Then the cover was used to transfer drill the holes to the cylinder. The first hole to be drilled was the one at the bottom of the cylinder because it was easy to locate centrally.

Once this hole had been drilled and tapped, the cover was held in place with one bolt while the other holes were machined.

The front end covers were located on the non-square face of the cylinder, leaving the square face for the rear cover which would also need to locate the piston rod.

Drilling the cylinder to take the end cap.










The rear cylinder over was redesigned to make it easier to machine. By reducing the number of mounting holes to 3, it was possible to machine a square block on the cover face to mount the piston guide rod. This removed any need to machine a complicated profile using the rotary table, which would be necessary to make room for 4 bolt holes.









Tapping the rear cylinder cover.

First, the bar was reduced in diameter to match the outside cylinder radius.

Then a hole was centre drilled, drilled and reamed to take the piston rod (3mm).

Next, part of the hole was opened out to take the 1/4" tap, which would be used to locate the gland packing nut.

This was tapped 1/4" x 32 tpi.









Milling the rear cover profile

The piece of bar was removed from the lathe chuck and placed vertically in the milling vice. 5.7mm side and lower edge cuts were made to a depth of 4mm to create the final cover profile. The remaining thicker section would be used to hold the piston guide rod.

Cutting this profile left room for 3 mounting screws to be used to hold the cover on to the cylinder as with the front covers.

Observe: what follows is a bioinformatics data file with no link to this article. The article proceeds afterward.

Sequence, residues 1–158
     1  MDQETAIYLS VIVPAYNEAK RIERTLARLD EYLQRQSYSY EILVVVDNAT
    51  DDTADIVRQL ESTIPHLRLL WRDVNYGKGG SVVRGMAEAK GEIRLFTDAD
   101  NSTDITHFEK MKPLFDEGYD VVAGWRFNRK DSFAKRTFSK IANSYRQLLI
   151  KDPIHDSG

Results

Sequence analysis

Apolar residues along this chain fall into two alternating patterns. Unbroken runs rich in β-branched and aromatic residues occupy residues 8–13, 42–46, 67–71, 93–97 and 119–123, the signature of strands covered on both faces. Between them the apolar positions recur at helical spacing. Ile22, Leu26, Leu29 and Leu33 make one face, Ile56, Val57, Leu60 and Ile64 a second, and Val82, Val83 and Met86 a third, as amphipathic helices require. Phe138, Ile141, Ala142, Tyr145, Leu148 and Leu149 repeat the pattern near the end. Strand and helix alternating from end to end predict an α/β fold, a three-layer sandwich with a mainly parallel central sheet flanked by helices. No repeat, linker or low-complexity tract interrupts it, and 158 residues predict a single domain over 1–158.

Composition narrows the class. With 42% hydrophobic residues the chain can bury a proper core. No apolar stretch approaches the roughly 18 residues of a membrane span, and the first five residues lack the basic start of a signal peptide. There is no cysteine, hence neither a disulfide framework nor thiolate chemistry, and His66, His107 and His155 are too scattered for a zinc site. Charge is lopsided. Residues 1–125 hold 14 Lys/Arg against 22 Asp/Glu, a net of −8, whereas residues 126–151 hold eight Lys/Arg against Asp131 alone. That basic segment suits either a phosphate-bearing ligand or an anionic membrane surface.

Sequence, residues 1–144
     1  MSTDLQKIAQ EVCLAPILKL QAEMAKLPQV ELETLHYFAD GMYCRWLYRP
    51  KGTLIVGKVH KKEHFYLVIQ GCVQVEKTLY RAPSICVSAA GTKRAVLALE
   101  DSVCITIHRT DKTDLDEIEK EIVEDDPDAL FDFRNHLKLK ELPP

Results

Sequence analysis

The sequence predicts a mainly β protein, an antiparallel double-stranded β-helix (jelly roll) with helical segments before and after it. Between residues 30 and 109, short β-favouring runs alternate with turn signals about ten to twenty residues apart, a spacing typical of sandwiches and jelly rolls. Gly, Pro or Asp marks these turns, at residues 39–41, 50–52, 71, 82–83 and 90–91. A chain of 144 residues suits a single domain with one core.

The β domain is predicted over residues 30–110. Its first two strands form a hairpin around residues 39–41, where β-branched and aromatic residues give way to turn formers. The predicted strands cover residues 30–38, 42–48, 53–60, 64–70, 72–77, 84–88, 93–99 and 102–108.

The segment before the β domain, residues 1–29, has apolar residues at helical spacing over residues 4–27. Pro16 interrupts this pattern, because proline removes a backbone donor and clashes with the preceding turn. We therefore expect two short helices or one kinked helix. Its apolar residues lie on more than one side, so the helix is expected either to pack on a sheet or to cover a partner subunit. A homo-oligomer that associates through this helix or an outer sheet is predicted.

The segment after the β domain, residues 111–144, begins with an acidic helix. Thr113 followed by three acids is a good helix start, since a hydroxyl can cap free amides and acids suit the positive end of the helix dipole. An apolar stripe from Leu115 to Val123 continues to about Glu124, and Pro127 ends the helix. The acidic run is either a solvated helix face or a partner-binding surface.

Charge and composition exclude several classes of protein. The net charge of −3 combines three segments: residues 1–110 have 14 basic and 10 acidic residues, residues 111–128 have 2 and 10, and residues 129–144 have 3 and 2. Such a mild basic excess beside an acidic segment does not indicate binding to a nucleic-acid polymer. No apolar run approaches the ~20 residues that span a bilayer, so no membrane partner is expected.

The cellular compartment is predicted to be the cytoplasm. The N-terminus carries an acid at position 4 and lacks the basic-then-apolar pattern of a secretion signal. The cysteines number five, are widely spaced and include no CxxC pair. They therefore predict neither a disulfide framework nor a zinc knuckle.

Next the bar was returned to the lathe to mark out the 3 mounting holes. The orientation of the bar in relation to the chuck jaws was important if the spirit level was to be used to mark the holes. So a line was scribed down the middle of the raised feature on the cover and this was lined up at lathe centre height (ie level with the tool tip) at the rear of the lathe.

The spirit level was then used on the front jaw as before to mark the 3 holes.

The holes were centre punched and drilled on the drill press.









To finish the rear cylinder cover, it was parted off from the bar and a 3mm arbor was machined and threaded to take a nut.

The cover was mounted on the arbor as shown and light cuts were taken to form a locating shoulder on the inside of the cover. The arbor ensured that the piston rod hole and cover shoulder were concentric.

The holes in the cover were then transfer drilled on to the cylinder.









The mounting holes were transfer drilled from the locomotive frames and tapped to take 8BA bolts.

To make assembly in the final situation easier the exhaust was to be connected using o-rings. The cylinder was drilled to 6mm and a piece of brass bar was turned to length and shouldered to hold the o-rings.

Cylinder mounting holes and exhaust hole.

Exhaust pipe.


After the 6mm exhaust hole was drilled a connecting holed could be drilled at an angle to the exhaust hole in the port face.